she’d never tire of delivering. Although Mrs. Darling was a sweet
old lady, sometimes Zoe wanted to shake her out of her mundane world.
Heaven loves you, she long to say. What does it matter if your
best friend cheats at bingo?
When her hour was up, Mrs. Darling counted out her payment in cash like
she always did. Her old, arthritic hands made each bill seem as heavy
as a volume of War and Peace. Every time Zoe watched her do
it, she had to bite her tongue against telling her to keep her money.
Zoe performed a service, and she performed it well. This was her sole
source of income. Even more important, if she didn’t charge Ada
Darling, Zoe suspected the woman would be in here ten times a day.
Mrs. Darling sighed with satisfaction once the painstaking ritual was
complete. "Thank you, dear,” she said, handing over the fee.
AYou’ve put this aching old heart to rest.”
Zoe smiled in spite of her impatience. "That’s why I’m
Mrs. Darling nodded, her usual reluctance to leave showing itself. She
really didn’t like facing her life without "dear old Leo”
to hold her hand.
"You’ll be fine,” Zoe said, reaching out to squeeze
her plump but fragile arm. "Leo watches over you all the time,
not just when you talk to him here.”
"But you’re the one who makes me feel him,” said Mrs.
Darling. Her faded blue eyes teared up, though she waved off the tissue
Zoe offered her. "You’re a good girl, Zoe. I hope you find
a man like Leo yourself someday.”
"So do I,” Zoe admitted, and then had to clear her throat.
Without warning, Mrs. Darling cackled out a laugh. "Ask those fairies
of yours to fix you up. Then you’ll be set!”
"You hear that?” Zoe said to the apparently empty air above
No piping voices answered, even after Mrs. Darling left. A prickle at
the back of Zoe’s neck told her why. Magnus was standing in the
door behind her, the one that led to her office.
From their first meeting, Magnus had struck her as more man than most.
He was tall, for one thing, at least six five—though you didn’t
notice how big the various parts of him were until you stood up close.
With half a room between them, he simply looked in proportion. At five
foot six Zoe was no pygmy, but she wasn’t fooled. Toe- to-toe,
Magnus could make an Amazon feel delicate. His looks were as dramatic
as his size. He had dark, beautiful hair—not long but a little
shaggy—smooth, high-colored skin, full kissable lips, and eyes
as green and clear as a mountain stream. If he hadn’t exuded masculinity,
he’d have been pretty. Instead, he came off as unbelievably sexy.
Zoe had known him two years, and she still had to swallow at the sight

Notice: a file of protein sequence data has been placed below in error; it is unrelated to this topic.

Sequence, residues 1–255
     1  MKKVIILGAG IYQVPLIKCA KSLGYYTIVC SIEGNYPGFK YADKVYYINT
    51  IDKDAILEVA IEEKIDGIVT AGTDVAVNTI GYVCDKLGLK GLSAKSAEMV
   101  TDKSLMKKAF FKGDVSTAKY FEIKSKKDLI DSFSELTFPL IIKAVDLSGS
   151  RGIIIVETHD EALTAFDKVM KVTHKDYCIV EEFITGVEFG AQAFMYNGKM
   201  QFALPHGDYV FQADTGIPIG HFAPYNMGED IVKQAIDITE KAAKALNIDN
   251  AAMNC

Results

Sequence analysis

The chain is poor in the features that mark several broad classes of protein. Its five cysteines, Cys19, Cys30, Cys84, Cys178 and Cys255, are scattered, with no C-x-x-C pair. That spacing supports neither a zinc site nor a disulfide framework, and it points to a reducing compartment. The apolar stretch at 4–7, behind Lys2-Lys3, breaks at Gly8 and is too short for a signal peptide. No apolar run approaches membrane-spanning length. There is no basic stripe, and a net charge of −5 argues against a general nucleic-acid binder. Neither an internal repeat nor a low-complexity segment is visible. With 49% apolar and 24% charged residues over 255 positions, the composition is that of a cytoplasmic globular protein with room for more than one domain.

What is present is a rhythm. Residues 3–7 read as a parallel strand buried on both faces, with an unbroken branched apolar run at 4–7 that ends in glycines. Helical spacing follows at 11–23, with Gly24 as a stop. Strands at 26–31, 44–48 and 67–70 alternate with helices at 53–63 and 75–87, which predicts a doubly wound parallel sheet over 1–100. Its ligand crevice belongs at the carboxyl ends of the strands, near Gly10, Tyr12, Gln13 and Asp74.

No matter how cool she wanted to act, he was hard to look away from.
Now his face held something uncertain, something she hadn’t expected
to see on this of all days. She wondered how much he’d heard of
her conversation with Mrs. Darling. She could only hope not a lot. Zoe
might be psychic, but she wasn’t a mind reader. The images she
caught from people now and then weren’t conscious thoughts. They
came, she was almost certain, from the part of them that shared the
same nonphysical territory as the deceased: the high, wise angel of
their better selves.
As far as she could tell, Magnus’s high, wise angel didn’t
have a peep to say to her.
"Your hair looks nice,” he said, waving one hand in her direction.
Zoe couldn’t help touching it self-consciously. Left to itself,
her hair had a tendency to devolve into a long black snarl. "I
had help this morning.”
He nodded without his usual trademark smile. Like most of the locals,
Magnus knew about her fairies. He also knew, because she hadn’t
figured out how to keep it from him, that they avoided him like the
plague. She had only to think hard about Magnus, and they’d disappear
into whatever dimension fairies hung out in when they weren’t
in hers. Zoe had no idea why they did this—unless they simply
didn’t like his effect on her moods.
In all her life, only one other man had provoked a similar reaction
from her "little friends” . . . but that was a ghost Zoe
preferred not to resurrect.
"I don’t suppose they’re still around,” he said
with an uncustomary tinge of wistfulness. His Western-style shirt hugged
his chest just right, and his big, tanned hands were thrust into his
front jean pockets. The faded patches in the denim, where his cock and
balls habitually rubbed, pointed out how very well hung he was. Sadly,
none of these things were encouraging Zoe’s eyes to stay where
she wanted them.
"I think the fairies are outside playing,” she said. She
shifted from foot to foot, caught off balance by his strange mood. "I
didn’t expect to see you here this late.”
Magnus owned a number of properties in Fairyville, where he also acted
in a managerial capacity. From the day he’d invited Zoe to set
up shop here, she was always his first stop, though half an hour was
generally as long as he stayed.
He didn’t respond right away, and she was soon sorry she’d